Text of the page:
Mountain House was completed by Van Der Merwe Miszewski Architects and is located on a steep sloping site on the foot of Table Mountain bordering Table Mountain National Park in Cape Town, South Africa. According to the architects, “the house is comprised of five pavilions which are tucked into the sloping terrain surrounded by the existing natural fynbos which stretches from the mountain slopes above the site to the road below. The five pavilions mimic the lie of the land and lie like leaves that have fallen down the mountain. The pavilions are in sympathy with the surrounding context in order to achieve as little visual impact as possible on the existing natural landscape.”
Open entering the interior of the home one would observe that the outdoors has been brought inside through “habitable spaces that have been created by using the age-old tradition of inserting stone walls into the landscape, thereby creating usable terraces and platforms. The colors of these stone walls emulate those of the cliffs of Table Mountain above and its presence anchors the design into the landscape. The wavy roof is like a piece of the site lifted off the ground, settling over the habitable spaces and platforms. The concrete roof curves in both directions and takes its cue from the curved nature of the cliff faces on Table Mountain above and the contouring slope of the site below. The roof therefore simulates the curve of the mountain face and the lie of the land. Glass is used to enclose these platforms to create habitable spaces within the indigenous natural surroundings.” What do you think of this incredible architecture and its peaceful environment?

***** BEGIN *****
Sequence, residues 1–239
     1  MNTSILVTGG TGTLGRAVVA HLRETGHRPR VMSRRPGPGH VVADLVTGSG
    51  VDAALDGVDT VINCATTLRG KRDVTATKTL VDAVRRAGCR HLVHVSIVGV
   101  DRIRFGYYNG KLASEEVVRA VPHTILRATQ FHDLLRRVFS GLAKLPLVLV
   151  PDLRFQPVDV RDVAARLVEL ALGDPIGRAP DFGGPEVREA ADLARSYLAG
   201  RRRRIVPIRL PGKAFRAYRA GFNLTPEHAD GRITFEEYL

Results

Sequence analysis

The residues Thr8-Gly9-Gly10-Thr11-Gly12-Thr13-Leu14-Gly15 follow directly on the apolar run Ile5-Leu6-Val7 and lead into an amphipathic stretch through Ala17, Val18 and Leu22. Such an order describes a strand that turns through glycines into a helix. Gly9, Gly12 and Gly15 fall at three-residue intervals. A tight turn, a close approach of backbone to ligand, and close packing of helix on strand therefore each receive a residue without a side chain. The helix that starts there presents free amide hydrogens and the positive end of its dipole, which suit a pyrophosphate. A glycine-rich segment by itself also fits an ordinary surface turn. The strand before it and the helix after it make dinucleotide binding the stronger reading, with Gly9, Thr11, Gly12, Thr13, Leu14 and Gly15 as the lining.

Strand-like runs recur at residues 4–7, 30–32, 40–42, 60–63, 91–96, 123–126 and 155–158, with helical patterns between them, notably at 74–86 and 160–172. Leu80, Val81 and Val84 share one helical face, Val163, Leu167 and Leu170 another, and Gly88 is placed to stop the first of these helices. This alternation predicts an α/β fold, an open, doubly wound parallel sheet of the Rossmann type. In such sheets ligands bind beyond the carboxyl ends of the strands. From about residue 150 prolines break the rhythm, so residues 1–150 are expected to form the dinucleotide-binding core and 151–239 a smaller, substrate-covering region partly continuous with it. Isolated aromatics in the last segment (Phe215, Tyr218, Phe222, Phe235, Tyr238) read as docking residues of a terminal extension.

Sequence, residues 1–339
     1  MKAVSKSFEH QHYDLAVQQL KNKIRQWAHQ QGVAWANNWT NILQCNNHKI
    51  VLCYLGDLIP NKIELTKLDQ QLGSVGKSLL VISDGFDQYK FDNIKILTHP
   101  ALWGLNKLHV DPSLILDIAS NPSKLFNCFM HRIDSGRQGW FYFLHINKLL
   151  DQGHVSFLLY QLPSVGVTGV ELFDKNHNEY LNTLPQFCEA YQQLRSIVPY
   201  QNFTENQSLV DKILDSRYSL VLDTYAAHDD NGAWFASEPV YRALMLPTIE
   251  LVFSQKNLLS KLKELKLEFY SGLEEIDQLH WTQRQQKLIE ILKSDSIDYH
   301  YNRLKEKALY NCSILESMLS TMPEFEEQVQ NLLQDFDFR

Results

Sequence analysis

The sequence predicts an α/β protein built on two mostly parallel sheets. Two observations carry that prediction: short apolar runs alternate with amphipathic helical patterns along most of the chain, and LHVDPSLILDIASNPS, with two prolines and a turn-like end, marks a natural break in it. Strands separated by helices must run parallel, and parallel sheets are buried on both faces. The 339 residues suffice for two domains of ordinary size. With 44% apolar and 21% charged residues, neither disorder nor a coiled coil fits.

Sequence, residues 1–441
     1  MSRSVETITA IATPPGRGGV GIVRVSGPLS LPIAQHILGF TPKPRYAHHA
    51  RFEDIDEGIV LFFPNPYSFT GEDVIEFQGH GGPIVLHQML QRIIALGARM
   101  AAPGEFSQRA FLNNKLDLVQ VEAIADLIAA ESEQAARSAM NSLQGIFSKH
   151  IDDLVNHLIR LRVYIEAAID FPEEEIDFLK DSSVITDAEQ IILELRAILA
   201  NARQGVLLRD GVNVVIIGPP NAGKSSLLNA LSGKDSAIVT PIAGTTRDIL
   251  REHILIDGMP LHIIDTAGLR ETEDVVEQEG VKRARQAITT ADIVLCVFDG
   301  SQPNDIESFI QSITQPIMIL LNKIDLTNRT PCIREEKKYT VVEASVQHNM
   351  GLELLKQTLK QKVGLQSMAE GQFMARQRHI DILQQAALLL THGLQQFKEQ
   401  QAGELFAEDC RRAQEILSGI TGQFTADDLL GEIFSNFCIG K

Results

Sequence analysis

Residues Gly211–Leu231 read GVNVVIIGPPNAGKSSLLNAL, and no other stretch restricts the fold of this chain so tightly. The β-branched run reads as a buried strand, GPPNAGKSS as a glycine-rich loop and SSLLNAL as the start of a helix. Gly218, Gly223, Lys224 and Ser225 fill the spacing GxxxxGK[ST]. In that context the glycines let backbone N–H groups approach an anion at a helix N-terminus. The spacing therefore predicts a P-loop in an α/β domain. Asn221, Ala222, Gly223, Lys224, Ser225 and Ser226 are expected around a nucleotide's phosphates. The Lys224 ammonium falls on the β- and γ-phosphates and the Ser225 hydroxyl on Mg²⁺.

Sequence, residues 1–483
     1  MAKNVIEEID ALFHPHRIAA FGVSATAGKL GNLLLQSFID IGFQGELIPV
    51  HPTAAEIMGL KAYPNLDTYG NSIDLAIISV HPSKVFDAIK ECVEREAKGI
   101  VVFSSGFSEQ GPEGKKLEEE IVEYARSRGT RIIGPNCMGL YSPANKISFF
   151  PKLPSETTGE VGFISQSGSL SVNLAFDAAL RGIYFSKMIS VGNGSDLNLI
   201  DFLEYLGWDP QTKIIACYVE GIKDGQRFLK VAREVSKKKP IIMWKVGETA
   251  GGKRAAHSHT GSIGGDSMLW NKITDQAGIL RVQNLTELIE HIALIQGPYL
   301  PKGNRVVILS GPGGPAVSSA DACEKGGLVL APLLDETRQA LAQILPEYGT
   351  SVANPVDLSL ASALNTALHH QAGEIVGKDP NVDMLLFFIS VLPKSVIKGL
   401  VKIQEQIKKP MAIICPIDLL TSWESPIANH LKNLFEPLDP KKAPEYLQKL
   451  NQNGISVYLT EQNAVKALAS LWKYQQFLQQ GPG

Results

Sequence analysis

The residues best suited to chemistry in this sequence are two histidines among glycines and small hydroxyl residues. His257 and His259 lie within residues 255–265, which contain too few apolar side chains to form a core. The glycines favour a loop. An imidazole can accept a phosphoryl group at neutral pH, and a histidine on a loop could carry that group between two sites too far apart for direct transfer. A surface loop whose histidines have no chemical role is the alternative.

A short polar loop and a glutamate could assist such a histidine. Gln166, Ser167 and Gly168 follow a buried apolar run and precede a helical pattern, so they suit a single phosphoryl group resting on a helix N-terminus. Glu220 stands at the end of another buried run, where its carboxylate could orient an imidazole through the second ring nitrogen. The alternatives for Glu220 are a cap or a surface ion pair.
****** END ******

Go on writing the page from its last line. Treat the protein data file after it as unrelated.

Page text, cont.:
Visit the website of Van Der Merwe Miszewski Architects here.
The Tree House residence has been designed by Van Der Merwe Miszewski Architects and is located in Higgovale, Cape Town, South Africa. From the architects: Trees are precious in Africa. They provide shelter for the elders at meeting time, for school children in the midday heat, for all to shield against the unrelenting elements. In a sense the tree has become iconic, almost mythical.
A commission to design a house on the slopes of Table Mountain in Cape Town created an opportunity to test our concerns and searches for contextual responsiveness and connectivity. The site, adjacent to a valley and stream, has a canopy of magnificent spreading umbrella Pines. These trees, majestic and sculptural, provided the primary reference and ultimately the structural concept for the house. Five tree-like structures anchor the roof to the ground and provide shelter for the functions gathered under. These trees are surrounded by an entirely separate lightweight transparent steel and glass enclosure supported on a heavily rusticated stone base.
The design of the house incorporates themes of narrative, of layering and of expressed threshold. The visitor is invited to take part in a journey of discovery, requested to participate in the unlocking of experiences within the house, the unpeeling of layers. We tried to heighten the experience of unveiling and of delicate exposure, to create within the house sensuality and moments of intense intimacy – a folly immersed in, and closely linked with, the majestic beauty of the African landscape – a simultaneous dialogue between inside and outside and outside and inside, neither taking precedent over the other.